Thread: Isaac Asimov?
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Old May 30 2011, 01:58 AM   #68
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Re: Isaac Asimov?

JRoss wrote: View Post
I meant that I dislike when non-Asimov stories by other authors and totally unrelated to his work act as if the Three Laws are some universal constant.

For instance, in any of the myriad SF media that I've seen this issue (so many that I've really forgotten the specific examples), a robot is obviously on the rampage. One character exclaims that this is impossible, as it violates the Three Laws.
I think of that as an homage. It's not that they're assuming all robots must be programmed with the Three Laws; it's that they're acknowledging the influence of Asimov's concept by incorporating it into their own work. Same way TNG borrowed the "positronic brain" concept for Data (who, by the way, was not Three Laws compliant).

Same principle holds up for whenever people quote Arthur C. Clarke, but only ever mention that "Science, sufficiently advanced..." you get the picture.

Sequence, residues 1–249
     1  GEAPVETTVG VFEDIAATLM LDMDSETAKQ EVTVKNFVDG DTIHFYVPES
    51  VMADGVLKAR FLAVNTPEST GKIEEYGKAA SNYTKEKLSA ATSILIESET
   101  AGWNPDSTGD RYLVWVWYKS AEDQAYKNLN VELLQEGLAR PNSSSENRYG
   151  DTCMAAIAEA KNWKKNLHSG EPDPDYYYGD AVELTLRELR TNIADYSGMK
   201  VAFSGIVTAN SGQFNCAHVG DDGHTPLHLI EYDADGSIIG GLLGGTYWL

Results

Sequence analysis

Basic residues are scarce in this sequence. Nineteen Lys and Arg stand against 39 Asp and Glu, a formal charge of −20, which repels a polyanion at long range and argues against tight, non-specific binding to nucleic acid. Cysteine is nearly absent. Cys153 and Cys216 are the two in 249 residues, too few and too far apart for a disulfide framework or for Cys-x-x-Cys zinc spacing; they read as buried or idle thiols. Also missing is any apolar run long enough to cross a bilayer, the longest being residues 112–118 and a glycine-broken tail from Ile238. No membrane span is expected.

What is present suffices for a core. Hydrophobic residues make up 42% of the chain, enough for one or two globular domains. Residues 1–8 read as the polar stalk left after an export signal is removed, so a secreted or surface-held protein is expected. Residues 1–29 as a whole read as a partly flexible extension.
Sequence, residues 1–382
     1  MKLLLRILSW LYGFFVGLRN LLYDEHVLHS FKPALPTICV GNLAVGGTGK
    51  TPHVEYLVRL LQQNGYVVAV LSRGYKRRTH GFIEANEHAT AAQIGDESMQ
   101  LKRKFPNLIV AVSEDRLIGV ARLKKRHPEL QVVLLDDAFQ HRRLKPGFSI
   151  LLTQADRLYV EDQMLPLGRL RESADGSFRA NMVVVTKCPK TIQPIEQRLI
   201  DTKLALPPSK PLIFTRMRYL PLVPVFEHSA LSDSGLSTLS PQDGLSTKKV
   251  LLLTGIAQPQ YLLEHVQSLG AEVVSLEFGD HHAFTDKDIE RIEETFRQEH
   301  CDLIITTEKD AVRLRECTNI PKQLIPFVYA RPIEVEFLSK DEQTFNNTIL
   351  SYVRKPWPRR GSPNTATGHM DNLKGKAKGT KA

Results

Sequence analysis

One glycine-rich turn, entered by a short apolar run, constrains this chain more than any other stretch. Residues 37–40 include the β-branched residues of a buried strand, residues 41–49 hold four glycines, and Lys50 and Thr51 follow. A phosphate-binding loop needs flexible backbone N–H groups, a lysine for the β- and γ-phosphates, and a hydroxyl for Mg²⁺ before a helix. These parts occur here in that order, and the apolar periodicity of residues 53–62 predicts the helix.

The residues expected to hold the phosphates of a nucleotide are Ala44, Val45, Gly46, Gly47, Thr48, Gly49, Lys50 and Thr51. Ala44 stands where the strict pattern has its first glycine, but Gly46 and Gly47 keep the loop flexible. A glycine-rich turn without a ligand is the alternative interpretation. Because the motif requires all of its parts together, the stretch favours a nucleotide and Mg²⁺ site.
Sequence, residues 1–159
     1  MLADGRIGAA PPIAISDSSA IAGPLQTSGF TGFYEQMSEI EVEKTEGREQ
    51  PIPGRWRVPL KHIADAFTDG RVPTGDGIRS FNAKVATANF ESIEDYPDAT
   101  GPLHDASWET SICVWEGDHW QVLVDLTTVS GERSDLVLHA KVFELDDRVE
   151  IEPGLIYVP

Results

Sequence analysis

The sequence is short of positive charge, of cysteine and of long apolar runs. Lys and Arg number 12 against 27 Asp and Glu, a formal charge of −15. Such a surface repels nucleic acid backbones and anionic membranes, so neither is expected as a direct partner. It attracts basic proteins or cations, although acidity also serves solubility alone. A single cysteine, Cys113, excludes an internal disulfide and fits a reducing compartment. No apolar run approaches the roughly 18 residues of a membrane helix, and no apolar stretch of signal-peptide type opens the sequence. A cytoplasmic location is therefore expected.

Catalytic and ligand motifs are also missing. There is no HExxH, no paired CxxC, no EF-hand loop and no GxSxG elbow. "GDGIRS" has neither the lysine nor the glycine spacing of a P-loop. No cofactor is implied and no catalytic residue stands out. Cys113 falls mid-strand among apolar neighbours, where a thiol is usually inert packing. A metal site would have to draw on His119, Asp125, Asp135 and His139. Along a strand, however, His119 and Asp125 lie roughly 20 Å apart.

What's the problem there? It's pretty much a self-contained statement, not something being quoted out of context. It's known as Clarke's Third Law, but the other two are pretty obscure, and the three are only very vaguely related (I rather like the first, but the second is kind of nonsensical):

1. When a distinguished but elderly scientist states that something is possible, he is almost certainly right. When he states that something is impossible, he is very probably wrong.

2. The only way of discovering the limits of the possible is to venture a little way past them into the impossible.

3. Any sufficiently advanced technology is indistinguishable from magic.'s_three_laws
Written Worlds -- Christopher L. Bennett's blog and webpage
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